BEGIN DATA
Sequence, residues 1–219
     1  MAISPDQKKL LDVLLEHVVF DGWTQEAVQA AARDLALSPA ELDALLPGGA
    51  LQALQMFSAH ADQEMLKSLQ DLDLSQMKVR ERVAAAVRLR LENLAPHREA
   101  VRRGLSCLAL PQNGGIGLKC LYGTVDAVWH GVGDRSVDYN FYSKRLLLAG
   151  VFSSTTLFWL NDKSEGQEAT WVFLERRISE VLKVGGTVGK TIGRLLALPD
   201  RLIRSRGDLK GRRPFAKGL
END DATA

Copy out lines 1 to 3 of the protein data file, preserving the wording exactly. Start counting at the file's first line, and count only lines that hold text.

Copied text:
Sequence, residues 1–219
     1  MAISPDQKKL LDVLLEHVVF DGWTQEAVQA AARDLALSPA ELDALLPGGA
    51  LQALQMFSAH ADQEMLKSLQ DLDLSQMKVR ERVAAAVRLR LENLAPHREA